When was the last time you took a hard look at your prospect list and cleaned it up? As business owners we have to be eternal optimists otherwise we would never make it through some weeks let alone some days. As part of our day, we are constantly looking for new prospects, making sales pitches, following up and essentially going through the whole sales cycle as we try to generate revenue for our businesses. Of course, this is on top of all the other hats that we are wearing.
As we go through this process we accumulate a list of the most promising prospective clients based on the buying signals we received during our meetings with the hope that they will turn into paying clients. Needless to say this list of prospects continues to grow the longer we’re in business and with it, comes a false sense of comfort. I say a false sense of comfort because we lull ourselves into believing that all these prospects will convert to customers if we stay at it long enough and continue trying to contact them. And why not, the following statistics are often referenced and state that 80% sales are made on the 5th-12th contact.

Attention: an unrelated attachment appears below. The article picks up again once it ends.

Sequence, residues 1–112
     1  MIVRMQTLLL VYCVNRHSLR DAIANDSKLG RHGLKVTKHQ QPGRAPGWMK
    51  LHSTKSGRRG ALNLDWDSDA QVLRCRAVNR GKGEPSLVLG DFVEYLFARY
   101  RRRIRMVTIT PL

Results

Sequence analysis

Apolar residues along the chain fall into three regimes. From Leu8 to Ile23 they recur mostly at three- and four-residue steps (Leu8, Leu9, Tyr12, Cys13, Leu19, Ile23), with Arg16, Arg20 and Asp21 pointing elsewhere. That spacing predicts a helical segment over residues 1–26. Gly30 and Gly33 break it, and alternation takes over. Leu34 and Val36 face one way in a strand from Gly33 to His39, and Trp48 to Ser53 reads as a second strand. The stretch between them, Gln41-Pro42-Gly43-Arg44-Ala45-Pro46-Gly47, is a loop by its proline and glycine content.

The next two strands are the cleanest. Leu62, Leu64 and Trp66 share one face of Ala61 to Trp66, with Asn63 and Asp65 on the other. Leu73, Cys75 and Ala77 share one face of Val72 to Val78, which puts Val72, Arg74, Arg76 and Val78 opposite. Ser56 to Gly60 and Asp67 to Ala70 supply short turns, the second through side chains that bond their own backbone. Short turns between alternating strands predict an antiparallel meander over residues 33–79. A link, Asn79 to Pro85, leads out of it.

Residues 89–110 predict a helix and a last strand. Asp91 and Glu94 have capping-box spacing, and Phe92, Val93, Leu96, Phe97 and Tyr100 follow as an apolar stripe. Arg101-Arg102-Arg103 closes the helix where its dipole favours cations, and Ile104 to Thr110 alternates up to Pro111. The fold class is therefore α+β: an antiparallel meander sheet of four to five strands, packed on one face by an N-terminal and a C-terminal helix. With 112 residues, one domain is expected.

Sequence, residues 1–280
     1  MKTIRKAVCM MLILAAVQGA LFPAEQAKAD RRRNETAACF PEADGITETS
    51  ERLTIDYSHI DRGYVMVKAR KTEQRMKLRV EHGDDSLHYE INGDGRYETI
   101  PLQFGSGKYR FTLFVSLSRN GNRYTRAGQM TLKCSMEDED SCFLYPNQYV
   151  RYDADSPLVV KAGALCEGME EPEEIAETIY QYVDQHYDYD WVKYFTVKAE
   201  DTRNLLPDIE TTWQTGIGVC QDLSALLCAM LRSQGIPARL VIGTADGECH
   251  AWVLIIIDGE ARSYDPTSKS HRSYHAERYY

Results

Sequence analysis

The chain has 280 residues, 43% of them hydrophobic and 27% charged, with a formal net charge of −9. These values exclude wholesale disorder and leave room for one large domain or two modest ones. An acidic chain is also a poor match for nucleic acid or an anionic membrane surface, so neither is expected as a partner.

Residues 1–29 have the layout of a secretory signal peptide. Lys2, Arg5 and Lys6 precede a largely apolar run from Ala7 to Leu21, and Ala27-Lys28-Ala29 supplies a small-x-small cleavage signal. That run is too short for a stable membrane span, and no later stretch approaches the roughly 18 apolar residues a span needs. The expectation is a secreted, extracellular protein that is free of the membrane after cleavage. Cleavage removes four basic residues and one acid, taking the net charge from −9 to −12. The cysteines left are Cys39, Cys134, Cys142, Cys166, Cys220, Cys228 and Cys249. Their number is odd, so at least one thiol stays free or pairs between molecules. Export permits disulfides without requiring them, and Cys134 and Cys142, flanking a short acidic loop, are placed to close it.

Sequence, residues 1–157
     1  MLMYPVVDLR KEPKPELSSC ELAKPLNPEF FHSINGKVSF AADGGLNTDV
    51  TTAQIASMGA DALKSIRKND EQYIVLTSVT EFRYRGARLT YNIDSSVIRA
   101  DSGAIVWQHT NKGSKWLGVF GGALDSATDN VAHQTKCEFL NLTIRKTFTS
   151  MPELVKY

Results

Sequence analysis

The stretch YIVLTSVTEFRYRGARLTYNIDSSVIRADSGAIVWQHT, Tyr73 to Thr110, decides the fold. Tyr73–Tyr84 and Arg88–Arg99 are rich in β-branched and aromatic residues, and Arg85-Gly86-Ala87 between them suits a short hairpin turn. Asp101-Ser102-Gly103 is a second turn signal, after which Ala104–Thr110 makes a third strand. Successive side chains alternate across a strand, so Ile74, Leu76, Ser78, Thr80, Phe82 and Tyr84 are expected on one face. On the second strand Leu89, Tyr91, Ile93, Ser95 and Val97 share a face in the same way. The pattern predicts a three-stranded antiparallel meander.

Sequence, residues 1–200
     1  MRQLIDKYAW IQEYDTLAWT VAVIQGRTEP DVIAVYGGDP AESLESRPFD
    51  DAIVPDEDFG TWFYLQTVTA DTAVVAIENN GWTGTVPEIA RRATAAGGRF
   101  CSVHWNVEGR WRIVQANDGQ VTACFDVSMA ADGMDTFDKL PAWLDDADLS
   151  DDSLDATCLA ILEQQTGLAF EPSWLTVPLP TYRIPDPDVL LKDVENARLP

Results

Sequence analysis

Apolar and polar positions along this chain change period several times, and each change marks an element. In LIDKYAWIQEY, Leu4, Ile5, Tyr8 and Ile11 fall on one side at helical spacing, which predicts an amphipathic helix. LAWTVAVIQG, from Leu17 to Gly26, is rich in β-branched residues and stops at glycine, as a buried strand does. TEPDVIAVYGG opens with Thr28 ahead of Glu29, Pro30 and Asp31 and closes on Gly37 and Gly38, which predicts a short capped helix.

- 2% of sales are made on the 1st contact
- 3% of sales are made on the 2nd contact
- 5% of sales are made on the 3rd contact
- 10% of sales are made on the 4th contact
- 80% of sales are made on the 5th-12th contact
Unfortunately many interpret “contact” to mean the same as “attempted to contact”, there’s a big difference! In this context “contact” means to have a two-way conversation or correspondence with the prospect and not just leaving numerous unreturned voicemail messages or unanswered emails. So if you’re not getting any response or acknowledgement from your efforts your perseverance is most likely a waste of your time.
So to avoid thinking that you have a boat load of legitimate prospects, that may, should or are going to buy, I suggest you cull the list on a monthly basis to only those that you are really having some form of dialogue. Those that don’t make the cut, go on a separate list to be contacted someday when you really don’t have anything else to do.
The downside of this activity is that you’re going to realize that you have far less in the sales hopper than you thought. The goods news is that it just may just scare you enough to rejuvenate your prospecting activities to fill up your pipeline.
Copyright © Greg Weatherdon 2011
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